Friday was our “driving around looking at stuff” day, so after leaving Çavuşin, we tried to find the road to Mustafapaşa, a place that the guidebooks said was only infrequently visited by the tour buses, but worth the effort to get to.
I have relied on my iPhone4S for many things on this trip: all of the pictures in this blog have been taken with my iPhone; it serves as an altimeter and a compass; I can check the weather; look up information about the places we visit; listen to music and podcasts; and, use it as a GPS to figure out where we are and how to get where we want to go. Oh, I can also make phone calls with it.
Anyway, its most valuable use has been as a GPS. I have a mount that plugs into the cigarette lighter socket in the car to keep the charge up and a cable that plugs into the stereo so I can hear directions. It’s nothing short of amazing; it finds the smallest villages and even farm roads.
So, I typed “Mustafapaşa” into the GPS app on my iPhone and off we went. Here’s a picture of the village of Ürgüp (which is similar to Uçhisar Castle where we hiked on our first day in Cappadocia) as we passed it on our way to Mustafapaşa.
Past Ürgüp, the GPS took us up into the hills until the paved road became a cobblestone road, that became a dirt and gravel road, that became a dirt road, that finally became a dirt track.
We kept seeing little signs for the Pancarlik Kalise, or Church, along the side of the road, so we thought, “why not?” and took a little detour. The dirt road dead-ended at a bluff overlooking a small canyon containing the church and a lone caretaker. It appeared that we were the only visitors in quite a while (I later asked Serdar, who is a local guide, about Pancarlik and he had never heard of it).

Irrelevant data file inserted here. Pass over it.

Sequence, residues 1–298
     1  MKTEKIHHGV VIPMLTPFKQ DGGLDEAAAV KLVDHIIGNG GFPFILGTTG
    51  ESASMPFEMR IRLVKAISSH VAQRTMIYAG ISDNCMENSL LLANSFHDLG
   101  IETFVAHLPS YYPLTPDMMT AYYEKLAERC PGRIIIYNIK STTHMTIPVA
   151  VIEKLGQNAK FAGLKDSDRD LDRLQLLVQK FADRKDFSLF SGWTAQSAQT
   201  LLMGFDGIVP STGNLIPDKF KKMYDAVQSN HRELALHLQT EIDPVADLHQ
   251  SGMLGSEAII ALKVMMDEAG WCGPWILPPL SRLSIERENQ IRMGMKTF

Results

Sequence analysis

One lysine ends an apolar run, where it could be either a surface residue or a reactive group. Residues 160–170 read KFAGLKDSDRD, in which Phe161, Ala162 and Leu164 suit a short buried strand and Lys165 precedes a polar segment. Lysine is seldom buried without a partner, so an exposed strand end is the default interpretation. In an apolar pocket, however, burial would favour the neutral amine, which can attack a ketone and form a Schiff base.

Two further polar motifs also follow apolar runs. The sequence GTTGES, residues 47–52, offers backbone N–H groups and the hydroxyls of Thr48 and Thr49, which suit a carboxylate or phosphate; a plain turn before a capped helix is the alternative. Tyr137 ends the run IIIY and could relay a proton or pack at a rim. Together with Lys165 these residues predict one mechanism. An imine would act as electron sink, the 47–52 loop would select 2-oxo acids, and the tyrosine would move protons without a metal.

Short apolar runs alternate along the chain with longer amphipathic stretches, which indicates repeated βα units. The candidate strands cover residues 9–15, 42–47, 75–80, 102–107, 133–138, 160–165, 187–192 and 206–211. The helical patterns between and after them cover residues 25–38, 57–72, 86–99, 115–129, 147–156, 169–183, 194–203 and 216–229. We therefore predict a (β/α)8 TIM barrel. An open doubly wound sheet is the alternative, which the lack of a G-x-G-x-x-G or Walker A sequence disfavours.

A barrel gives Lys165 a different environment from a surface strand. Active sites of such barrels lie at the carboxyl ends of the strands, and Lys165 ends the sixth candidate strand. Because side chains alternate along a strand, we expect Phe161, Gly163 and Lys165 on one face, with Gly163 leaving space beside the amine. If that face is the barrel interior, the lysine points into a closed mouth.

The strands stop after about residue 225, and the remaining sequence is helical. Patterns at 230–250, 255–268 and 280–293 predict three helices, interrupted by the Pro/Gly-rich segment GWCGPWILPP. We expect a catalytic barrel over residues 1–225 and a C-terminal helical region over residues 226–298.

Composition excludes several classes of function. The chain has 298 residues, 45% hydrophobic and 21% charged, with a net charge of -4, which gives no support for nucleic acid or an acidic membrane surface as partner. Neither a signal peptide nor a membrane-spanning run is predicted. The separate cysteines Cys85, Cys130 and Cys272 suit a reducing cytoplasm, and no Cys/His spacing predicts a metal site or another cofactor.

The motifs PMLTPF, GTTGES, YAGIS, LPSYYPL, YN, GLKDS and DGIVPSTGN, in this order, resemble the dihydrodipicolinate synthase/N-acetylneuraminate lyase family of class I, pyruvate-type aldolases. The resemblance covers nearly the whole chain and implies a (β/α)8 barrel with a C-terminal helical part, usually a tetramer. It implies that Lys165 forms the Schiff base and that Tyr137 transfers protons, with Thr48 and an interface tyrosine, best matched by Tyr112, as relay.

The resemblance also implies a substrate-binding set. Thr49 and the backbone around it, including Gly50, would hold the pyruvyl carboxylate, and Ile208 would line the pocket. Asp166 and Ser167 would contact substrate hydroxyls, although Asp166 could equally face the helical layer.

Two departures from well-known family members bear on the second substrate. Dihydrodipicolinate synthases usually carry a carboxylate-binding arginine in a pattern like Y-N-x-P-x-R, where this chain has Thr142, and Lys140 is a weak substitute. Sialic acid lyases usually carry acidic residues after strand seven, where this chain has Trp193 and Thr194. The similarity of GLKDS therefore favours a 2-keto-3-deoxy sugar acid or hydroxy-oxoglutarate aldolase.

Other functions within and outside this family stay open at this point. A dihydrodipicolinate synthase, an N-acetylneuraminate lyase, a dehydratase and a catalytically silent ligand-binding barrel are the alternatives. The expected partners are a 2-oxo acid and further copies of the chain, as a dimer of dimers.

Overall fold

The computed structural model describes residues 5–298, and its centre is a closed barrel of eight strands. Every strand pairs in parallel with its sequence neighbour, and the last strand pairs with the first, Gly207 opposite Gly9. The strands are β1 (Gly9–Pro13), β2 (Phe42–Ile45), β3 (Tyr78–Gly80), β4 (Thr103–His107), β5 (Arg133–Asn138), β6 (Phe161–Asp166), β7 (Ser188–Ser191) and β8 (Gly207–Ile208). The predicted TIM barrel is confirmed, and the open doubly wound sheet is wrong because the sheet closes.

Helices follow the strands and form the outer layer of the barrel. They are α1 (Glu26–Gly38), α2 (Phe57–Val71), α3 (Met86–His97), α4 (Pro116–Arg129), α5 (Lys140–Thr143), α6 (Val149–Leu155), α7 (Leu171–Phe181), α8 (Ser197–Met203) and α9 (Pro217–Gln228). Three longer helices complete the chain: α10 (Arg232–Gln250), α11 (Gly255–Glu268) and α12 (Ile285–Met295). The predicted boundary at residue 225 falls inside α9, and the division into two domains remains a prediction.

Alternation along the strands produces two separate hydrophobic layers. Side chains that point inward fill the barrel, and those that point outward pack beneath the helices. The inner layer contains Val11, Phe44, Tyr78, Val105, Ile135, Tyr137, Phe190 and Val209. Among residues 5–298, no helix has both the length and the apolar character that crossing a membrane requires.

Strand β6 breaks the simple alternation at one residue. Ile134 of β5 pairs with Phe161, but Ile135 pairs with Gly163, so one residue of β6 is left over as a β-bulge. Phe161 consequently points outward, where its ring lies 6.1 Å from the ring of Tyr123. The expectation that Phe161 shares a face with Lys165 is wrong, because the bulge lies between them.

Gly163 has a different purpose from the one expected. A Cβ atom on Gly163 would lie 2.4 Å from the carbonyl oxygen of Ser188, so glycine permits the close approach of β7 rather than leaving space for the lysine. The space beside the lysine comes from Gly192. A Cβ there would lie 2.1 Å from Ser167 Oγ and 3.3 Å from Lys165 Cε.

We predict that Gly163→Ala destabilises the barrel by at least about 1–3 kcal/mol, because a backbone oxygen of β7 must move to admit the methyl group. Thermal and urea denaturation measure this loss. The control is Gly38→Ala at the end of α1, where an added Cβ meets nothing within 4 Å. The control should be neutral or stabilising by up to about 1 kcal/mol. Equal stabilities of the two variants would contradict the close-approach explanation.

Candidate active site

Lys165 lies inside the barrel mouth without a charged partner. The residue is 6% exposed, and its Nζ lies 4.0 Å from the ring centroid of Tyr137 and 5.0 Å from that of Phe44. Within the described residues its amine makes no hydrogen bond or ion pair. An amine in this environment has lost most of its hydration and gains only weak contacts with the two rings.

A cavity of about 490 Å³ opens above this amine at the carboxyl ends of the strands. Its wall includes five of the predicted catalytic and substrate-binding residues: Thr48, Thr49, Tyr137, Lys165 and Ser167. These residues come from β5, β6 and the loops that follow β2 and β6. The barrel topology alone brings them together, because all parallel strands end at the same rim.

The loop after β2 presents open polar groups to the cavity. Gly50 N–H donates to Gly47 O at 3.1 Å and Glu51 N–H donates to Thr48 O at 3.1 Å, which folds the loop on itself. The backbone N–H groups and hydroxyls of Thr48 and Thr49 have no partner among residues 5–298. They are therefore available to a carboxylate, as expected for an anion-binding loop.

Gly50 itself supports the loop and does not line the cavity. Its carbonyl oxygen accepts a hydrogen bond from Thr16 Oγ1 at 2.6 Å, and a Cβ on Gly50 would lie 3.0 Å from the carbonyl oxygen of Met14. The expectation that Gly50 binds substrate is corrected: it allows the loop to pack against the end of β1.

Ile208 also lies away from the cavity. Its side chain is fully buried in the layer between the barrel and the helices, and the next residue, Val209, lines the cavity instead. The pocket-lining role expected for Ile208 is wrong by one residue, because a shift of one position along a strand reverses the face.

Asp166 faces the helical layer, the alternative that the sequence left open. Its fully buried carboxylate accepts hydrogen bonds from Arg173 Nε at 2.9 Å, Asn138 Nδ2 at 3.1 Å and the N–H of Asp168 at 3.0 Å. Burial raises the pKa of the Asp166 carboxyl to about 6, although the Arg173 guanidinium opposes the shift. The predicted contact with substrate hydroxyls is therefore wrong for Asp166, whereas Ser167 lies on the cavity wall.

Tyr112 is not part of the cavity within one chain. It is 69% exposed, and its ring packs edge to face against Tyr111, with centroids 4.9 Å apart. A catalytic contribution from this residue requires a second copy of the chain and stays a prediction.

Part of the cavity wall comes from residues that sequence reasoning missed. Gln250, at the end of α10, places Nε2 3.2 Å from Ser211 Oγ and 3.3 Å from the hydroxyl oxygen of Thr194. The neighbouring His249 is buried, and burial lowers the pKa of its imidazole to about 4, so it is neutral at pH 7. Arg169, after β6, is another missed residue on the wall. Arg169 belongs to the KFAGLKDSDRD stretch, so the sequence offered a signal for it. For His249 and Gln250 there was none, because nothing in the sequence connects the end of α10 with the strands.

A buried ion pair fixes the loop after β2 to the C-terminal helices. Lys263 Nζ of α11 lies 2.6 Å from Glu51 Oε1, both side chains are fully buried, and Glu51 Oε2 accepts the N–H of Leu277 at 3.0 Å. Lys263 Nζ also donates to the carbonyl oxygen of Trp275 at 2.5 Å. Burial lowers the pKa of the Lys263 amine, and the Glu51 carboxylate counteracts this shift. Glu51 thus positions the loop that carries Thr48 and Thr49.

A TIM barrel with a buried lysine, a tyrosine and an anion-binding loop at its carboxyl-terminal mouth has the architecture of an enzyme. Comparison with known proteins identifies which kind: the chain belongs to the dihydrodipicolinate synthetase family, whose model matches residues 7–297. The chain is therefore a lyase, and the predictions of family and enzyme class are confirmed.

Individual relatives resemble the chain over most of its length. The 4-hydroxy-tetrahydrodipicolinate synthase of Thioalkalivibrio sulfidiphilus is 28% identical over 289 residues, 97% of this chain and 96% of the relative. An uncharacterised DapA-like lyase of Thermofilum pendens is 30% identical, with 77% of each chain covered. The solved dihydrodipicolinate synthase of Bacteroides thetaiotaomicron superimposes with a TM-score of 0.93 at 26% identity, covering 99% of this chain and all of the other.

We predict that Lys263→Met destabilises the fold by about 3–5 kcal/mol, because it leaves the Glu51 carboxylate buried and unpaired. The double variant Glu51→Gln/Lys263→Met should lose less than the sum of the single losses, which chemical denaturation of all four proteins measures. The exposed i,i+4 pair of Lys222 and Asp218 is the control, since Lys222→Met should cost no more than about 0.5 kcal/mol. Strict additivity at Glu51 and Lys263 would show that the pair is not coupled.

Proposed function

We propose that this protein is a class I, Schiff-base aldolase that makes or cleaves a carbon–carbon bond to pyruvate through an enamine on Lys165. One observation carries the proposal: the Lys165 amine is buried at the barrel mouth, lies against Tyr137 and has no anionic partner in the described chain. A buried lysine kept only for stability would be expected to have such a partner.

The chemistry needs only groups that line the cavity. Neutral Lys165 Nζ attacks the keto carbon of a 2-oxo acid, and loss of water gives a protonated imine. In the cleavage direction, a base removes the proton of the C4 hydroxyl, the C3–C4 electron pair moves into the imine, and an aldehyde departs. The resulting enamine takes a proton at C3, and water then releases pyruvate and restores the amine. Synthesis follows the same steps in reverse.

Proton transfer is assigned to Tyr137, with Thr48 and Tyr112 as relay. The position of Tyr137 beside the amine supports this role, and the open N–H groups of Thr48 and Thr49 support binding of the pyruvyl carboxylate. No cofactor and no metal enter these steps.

Here’s the outer chapel:
Walking around the corner to the right is the church, built in the first half of the 11th century A.D.
It was one of the few churches that we had seen in Cappadocia that had undamaged frescoes; most of the others had been defaced by chipping out the eyes or faces of saints and apostles, supposedly by muslims in later years (as I mentioned in a previous post, the muslims believe that it is heretical to worship icons).
Outside the church, looking down into the small depression, we could see where the monks that worshiped in this church lived their ascetic lives; this was an isolated monastic community, not a church for the local people. It is thought that it is that extreme isolation of this church that saved it from being defaced over the years.
After leaving Pancarlik Church, we continued our quest for Mustafapaşa, but this time, my iPhone GPS failed me. It led us down the hill to this creek and then said, “turn right and continue one-half mile.” Thinking that the command was to ford the creek and turn right, I crossed over.
Nope. So we backed up and turned right, up the creek bed. Hey, it could have been a road; and it was rock, hard enough to drive on.
But the water kept getting deeper, so we eventually called it quits and decided to try again the next day. Back to Göreme for dinner and bed.